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MLB labor deal: All-Star Game will not determine World Series home-field advantage

From wire reports
Are you glad that Major League Baseball changed how home-field advantage in the World Series is determined?

The league that wins baseball's All-Star Game no longer will get home-field advantage in the World Series, which instead will go to the pennant winner with the better regular-season record.

The change was included in Major League Baseball's tentative new collective bargaining agreement and disclosed early toay to The Associated Press by a person familiar with the agreement. The person spoke on condition of anonymity because details of the deal, reached Wednesday evening in Irving, Texas, had not been announced.

In addition, players and management agreed the minimum stay on the disabled list will be reduced from 15 days to 10.

Home-field advantage in the World Series generally rotated between the leagues through 2002. Baseball, led by then-Commissioner Bud Selig, and Fox television promoted the “This Time It Counts” innovation after the 2002 All-Star Game in Milwaukee ended in a 7-7, 11-inning tie when both teams ran out of pitchers. Selig was booed in his own Milwaukee backyard.

“This energizes it. This gives them something to really play for,” Selig said after owners approved the change by a 30-0 vote in January 2003. “People pay a lot of money to see that game. They deserve to see the same intensity they see all year long. Television people pay a lot of money for the game. It was not and should not be a meaningless exhibition game.”

What began as a two-year experiment was extended. The American League won 11 of 14 All-Star Games played under the rule, and the AL representative won eight World Series in those years.

As part of the changes for next year, players in the All-Star Game will have the incentive to play for a pool of money.

The DL change will allow teams to make quicker decisions on whether to bring up a roster replacement rather than wait to see whether the injured player would be ready to return to action in less than two weeks.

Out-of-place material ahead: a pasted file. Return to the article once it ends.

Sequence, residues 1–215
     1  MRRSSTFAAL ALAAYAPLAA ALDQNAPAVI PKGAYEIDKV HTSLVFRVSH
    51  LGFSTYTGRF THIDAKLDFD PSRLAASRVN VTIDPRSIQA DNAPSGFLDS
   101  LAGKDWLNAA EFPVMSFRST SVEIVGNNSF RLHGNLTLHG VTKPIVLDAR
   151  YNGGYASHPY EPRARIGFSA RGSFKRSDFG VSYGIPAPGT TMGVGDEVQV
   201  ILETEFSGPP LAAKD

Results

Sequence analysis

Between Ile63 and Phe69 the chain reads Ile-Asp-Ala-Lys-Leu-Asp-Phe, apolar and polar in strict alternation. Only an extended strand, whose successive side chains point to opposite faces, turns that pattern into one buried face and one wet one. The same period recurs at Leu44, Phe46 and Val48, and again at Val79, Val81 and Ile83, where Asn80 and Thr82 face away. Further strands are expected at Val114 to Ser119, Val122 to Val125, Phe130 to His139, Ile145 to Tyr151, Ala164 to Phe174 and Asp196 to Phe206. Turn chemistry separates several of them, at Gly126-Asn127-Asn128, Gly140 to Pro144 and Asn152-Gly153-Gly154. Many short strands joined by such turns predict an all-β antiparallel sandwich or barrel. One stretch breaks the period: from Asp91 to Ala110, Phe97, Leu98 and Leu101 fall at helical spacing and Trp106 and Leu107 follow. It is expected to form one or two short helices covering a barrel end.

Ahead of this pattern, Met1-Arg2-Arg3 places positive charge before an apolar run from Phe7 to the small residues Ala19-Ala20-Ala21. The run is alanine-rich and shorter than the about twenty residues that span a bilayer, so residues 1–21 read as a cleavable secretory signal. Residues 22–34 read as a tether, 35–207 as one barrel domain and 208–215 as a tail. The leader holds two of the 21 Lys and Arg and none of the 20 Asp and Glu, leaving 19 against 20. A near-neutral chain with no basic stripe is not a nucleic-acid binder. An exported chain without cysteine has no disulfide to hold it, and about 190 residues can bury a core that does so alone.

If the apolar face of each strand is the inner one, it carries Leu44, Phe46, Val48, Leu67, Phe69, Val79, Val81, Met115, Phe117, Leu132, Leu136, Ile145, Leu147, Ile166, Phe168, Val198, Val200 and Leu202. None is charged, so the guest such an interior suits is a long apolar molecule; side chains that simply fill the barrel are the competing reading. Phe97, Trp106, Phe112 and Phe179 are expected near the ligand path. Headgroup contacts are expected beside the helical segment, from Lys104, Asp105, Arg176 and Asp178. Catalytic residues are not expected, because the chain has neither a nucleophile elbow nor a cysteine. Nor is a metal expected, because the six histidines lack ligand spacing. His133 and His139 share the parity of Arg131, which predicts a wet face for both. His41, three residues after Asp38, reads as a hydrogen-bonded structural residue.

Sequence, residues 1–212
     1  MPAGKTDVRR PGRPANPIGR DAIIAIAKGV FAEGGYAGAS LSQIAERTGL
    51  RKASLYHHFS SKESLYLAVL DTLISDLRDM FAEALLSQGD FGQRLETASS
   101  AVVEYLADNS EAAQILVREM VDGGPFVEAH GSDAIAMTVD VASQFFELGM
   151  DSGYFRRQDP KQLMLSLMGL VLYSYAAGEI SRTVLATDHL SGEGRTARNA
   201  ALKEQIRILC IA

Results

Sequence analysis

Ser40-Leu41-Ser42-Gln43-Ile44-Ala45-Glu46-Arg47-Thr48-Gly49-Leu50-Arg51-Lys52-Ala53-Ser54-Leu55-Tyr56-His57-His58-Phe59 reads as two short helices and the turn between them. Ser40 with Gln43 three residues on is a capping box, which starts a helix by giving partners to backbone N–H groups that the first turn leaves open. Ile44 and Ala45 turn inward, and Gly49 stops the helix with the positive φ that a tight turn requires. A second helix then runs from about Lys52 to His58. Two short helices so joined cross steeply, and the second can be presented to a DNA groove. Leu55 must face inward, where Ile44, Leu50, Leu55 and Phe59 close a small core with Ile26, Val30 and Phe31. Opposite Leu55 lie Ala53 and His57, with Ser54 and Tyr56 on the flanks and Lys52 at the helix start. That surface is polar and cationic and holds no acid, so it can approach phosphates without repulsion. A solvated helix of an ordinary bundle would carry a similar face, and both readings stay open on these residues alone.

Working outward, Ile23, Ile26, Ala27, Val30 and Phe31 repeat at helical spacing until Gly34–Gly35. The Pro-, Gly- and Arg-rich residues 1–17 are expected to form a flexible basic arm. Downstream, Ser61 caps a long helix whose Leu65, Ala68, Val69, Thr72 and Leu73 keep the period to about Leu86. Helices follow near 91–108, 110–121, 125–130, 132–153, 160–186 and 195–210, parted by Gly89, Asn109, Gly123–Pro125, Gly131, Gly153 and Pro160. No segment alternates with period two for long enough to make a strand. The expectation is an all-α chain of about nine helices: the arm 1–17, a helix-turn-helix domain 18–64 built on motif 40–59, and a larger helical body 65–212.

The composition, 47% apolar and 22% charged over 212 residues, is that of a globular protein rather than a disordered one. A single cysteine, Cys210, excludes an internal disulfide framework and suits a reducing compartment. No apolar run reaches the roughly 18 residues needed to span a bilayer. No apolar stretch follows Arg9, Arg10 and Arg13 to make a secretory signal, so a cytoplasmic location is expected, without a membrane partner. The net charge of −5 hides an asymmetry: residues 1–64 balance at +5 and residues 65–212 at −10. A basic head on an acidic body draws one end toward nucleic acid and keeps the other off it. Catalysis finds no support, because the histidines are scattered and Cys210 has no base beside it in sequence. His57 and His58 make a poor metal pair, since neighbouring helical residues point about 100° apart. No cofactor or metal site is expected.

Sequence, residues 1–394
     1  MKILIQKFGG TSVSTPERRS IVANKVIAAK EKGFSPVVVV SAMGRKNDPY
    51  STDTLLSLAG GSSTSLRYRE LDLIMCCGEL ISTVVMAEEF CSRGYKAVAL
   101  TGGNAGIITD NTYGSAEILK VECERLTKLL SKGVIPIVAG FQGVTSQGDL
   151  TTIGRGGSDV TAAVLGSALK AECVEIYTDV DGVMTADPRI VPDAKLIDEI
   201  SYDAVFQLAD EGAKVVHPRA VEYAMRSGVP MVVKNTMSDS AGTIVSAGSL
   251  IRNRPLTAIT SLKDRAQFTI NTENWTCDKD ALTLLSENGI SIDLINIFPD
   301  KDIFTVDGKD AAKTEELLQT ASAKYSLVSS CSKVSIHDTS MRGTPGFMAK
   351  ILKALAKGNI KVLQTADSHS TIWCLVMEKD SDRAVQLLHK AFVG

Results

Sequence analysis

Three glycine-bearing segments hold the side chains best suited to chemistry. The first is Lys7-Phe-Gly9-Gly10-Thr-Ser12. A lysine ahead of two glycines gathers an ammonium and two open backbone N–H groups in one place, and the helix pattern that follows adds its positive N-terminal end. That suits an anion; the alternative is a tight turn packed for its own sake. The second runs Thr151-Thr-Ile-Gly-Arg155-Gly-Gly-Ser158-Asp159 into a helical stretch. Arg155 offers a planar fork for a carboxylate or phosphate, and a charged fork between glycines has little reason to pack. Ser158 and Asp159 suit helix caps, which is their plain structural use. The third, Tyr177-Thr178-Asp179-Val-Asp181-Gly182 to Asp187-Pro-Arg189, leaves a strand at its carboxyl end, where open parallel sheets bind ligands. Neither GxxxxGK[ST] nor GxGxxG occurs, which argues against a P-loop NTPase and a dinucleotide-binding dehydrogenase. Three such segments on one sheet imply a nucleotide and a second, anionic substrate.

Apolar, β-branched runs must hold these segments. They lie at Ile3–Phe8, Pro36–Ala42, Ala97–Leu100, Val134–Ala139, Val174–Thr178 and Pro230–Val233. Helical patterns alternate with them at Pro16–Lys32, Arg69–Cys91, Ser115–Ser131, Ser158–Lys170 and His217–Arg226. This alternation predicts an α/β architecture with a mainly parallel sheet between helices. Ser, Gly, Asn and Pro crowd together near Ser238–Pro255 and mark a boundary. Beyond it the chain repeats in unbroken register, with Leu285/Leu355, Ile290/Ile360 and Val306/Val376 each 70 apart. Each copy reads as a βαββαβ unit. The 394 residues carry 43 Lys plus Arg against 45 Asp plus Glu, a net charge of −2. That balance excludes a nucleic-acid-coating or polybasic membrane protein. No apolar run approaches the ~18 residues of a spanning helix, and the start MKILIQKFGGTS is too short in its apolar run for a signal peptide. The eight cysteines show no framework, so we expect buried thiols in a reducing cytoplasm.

Other key changes in the tentative agreement:

— Qualifying offers: Under the new rules, a player can receive a qualifying offer only once in his career and will have 10 days to consider it instead of seven.

A club signing a player who declined a qualifying offer would lose its third-highest amateur draft pick if it is a revenue-sharing receiver, its second- and fifth-highest picks (plus a loss of $1 million in its international draft pool) if it pays luxury tax for the just-ended season, and its second-highest pick (plus $500,000 in the international draft pool) if it is any other team.

A club losing a free agent who passed up a qualifying offer would receive an extra selection after the first round of the next draft if the player signed a contract for $50 million or more and after competitive balance round B if under $50 million. However, if that team pays luxury tax, the extra draft pick would drop to after the fourth round.

— Luxury tax: For a team $40 million or more in excess of the luxury tax threshold, its highest selection in the next amateur draft will drop 10 places.

— International players: While management failed to obtain an international draft of amateurs residing outside the U.S., Puerto Rico and Canada, it did get a hard cap on each team's annual bonus pool for those players starting at $4.75 million for the signing period that begins next July 2.

— Rosters: There is no change to limits on active rosters, which remain at 25 for most of the season and 40 from Sept. 1 on.

— Smokeless tobacco: It will be banned for all new players, those who currently do not have at least one day of major league service.

— Season length: The regular season will expand from 183 days to 187 starting in 2018, creating four more scheduled off days. There are additional limitations on the start times of night games on getaway days.

— Minimum salary:  It rises from $507,500 to $535,000 next year, $545,000 in 2018 and $555,000 in 2019, with cost-of-living increases the following two years; the minor league minimum for a player appearing on the 40-man roster for at least the second time goes up from $82,700 to $86,500 next year, $88,000 in 2018 and $89,500 in 2019, followed by cost-of-living raises.

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